String objects) and then assign the resultant string to a new String object. Here is how
  we will write + operator function.
  String String :: operator + ( String &s )
      String temp;   // Declared object temp of String type
      strcpy ( temp.string , "" );    // Initialized the temp with empty string
      strcat ( temp.string , string );   // Concatenated the driving object’s string to
  // temp object
  strcat ( temp.string , s.string );   // Concatenated the argument’s string to the
  // temp object 
      return   temp;   // Returned the temp object
  As you might have guessed already, the String object on the left will be the one to drive
  this   + operation and the second String object on the left of   + will be passed as an
  argument to this function. Note that we are not doing the error checking here, the size of
  the resultant string   temp may increase the array size   30 ( the array size defined in the
  Example Program 1
  Rudimentary implementation of a class named Complex class to cater complex numbers.
  A + operator function has been implemented to add two complex numbers.
  /* This program implements the basic class for complex numbers and demonstrates +
  operator function */
  #include <iostream.h>
  class Complex
      private :
          double   real ;     // Real Part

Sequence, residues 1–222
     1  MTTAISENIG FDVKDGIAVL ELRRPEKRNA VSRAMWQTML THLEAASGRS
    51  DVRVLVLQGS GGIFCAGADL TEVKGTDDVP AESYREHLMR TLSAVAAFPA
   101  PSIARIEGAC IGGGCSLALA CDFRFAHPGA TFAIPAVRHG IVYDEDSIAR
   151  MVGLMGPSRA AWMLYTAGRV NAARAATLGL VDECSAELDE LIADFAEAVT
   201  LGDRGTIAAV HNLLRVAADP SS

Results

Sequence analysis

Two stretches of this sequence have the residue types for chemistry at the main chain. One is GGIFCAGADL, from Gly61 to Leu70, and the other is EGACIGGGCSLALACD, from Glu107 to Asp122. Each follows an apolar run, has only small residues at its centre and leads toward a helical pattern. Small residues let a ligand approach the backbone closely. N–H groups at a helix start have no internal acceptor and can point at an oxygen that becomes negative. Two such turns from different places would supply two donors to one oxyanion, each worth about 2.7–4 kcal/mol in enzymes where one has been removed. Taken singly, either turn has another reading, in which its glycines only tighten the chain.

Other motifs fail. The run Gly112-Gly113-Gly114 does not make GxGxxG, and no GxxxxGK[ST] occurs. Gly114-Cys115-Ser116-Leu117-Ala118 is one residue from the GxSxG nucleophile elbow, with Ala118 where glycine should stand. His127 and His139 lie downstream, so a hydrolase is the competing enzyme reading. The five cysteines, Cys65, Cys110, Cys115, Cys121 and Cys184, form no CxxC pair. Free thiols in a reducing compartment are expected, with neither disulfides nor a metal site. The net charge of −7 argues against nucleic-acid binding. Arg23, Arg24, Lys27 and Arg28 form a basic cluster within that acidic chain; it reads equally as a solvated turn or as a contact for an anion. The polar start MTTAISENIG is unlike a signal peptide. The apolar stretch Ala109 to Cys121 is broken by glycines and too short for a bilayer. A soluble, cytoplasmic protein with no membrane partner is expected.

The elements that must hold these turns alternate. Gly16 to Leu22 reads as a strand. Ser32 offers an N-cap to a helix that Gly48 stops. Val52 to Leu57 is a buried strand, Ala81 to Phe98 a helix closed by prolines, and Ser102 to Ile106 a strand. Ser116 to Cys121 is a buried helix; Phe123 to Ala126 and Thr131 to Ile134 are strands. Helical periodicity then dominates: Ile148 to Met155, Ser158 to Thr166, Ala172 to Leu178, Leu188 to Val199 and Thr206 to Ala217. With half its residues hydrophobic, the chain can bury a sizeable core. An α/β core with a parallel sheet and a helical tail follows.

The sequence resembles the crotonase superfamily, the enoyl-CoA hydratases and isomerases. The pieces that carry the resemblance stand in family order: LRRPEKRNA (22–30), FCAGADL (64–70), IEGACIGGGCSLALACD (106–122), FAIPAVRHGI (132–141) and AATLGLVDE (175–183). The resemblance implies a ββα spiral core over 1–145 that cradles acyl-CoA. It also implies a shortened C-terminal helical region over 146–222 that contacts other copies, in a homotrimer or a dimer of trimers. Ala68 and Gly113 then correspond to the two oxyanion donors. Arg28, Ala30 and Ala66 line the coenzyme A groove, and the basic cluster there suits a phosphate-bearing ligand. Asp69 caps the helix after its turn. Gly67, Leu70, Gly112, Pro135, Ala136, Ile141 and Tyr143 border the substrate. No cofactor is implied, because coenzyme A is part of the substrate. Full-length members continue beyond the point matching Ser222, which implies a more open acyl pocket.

double   imag ;   // Imaginary Part
      public :
          /* Parameterless Constructor */
          Complex ( )
              cout   <<   "\n Parameterless Constructor called ..." ;
          /* Parameterized Constructor */
          Complex ( double  r, double  i )
              cout   <<   "\n Parameterized Constructor called ...";
              real   =   r ;
              imag   =   i ;
          /* Setter of real data member */
          void   real ( double  r)
              real   =   r ;
          /* Getter of the real data member */
          double   real ( )
                  return real ;
          /* Setter of the imag data member */
          void   imaginary ( double  i )
              imag = i ;
          /* Getter of the imag data member */
          double   imaginary ( )
              return   imag ;
        /* A Function to display parts of a Complex object */
          void   display ( )
              cout   <<  "\n\n Displaying parts of complex number ...";
              cout   <<   "\n Real Part : " << real << endl ;
              cout   <<   " Imaginary Part : " << imag << endl ;
          /* Declaration (prototype) of overloaded sum operator */
          Complex   operator  + ( Complex & c2 ) ;
  Complex  Complex  ::  operator + ( Complex  & c1 )
      cout   <<   "\n Operator + called ...";
      Complex   temp ;
      temp.real   =   real   +   c1.real ;
      temp.imag   =   imag   +   c1.imag ;
      return   temp ;
  void main ( )
        Complex c1 ( 1 , 2 ) ;    // Consturct an object using the parameterized constructor
        Complex c2 ( 2 , 3 ) ;    // Consturct another object using the parameterized 
                                     // constructor
        Complex result ;  // Construct an object using a parameterless constructor
        result = c1 + c2 ;  // Call the Operator + to add two complex numbers (c1 & c2) 
                                     // and then assign the result to 'result' object
         result.display ( ) ; // Display the result object contents
  The output of the program is as follows:
  Parameterized Constructor called ...